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Rishi Sunak disappointed that smoking ban will not become law

Announcing the election on Wednesday in Downing Street, the prime minister promised to “ensure the next generation grows up smoke-free”.

But speaking in Belfast as he continued his campaign tour of the UK, he said: “There is always a normal process at the end of a Parliament to see what legislation can be passed in the time available.”

On the smoking ban, he said he was “of course disappointed not to be able to pass it at the end of the session, given the time available.”

The Tenants Reform Bill, which was expected to pave the way to ending no-fault evictions in England, also looks set to fall by the wayside, despite the measure appearing in the UK’s 2019 election manifesto. the Conservatives.

Labour’s shadow housing minister Matthew Pennycook said: “The Conservatives’ decision to bow to vested interests and abandon their already weakened tenant reform bill leaves the promises they made to tenants in tatters. private five years ago.

The prime minister highlighted the passage of legislation to overturn the convictions of hundreds of deputy postmasters caught up in the Post Office Horizon scandal.

The Post Office Crime (Horizon System) Bill will receive royal assent on the last day of the Parliament session before the July 4 election, a period known in Westminster as the “washout”.

This involves intense negotiations between the government and the opposition to establish which bills can be passed in the remaining time.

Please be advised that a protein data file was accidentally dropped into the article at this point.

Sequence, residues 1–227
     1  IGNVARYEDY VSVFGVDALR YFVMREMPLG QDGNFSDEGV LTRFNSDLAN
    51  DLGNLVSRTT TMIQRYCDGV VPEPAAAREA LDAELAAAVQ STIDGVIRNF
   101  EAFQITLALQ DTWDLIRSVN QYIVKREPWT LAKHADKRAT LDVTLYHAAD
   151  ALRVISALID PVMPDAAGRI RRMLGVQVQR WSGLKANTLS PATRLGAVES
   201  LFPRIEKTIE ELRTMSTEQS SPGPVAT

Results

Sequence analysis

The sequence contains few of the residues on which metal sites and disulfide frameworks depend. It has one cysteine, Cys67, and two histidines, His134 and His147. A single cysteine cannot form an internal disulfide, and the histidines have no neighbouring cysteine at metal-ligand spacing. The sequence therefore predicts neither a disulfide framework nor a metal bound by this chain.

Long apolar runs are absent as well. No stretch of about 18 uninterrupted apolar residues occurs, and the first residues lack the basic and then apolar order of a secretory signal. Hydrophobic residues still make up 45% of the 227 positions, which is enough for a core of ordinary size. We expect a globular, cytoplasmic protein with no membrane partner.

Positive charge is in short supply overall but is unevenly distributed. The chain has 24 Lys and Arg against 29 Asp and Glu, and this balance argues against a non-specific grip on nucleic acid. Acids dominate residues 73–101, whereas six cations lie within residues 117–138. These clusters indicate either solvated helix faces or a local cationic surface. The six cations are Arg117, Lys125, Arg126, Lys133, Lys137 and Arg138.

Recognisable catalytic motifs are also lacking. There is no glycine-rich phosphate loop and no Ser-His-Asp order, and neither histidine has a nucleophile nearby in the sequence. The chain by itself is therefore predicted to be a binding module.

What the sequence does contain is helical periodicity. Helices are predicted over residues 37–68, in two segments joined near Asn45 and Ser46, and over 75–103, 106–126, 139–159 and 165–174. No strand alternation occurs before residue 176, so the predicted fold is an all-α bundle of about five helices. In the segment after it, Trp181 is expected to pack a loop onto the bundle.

The government has also promised to schedule a bill that will allow compensation to be paid to victims of the contaminated blood scandal.

Sunak said: “I am pleased that yesterday we passed the Horizon Bill to ensure we can deliver compensation and justice to the postmasters who were so badly affected by what I described as one of the worst miscarriages of justice we have ever had.” . I have ever known.

“Today we will debate bills that will ensure that the compensation authority for those affected by the infected blood scandal gets the justice they deserve. That is why we are moving forward.”

On Thursday, the prime minister said no asylum seekers would be sent to Rwanda under the government’s deportation plan before the election.

The flights will take off “if I am re-elected,” he said. The Labor Party has vowed to scrap the plan if it comes to power, describing it as a “scam through and through”.

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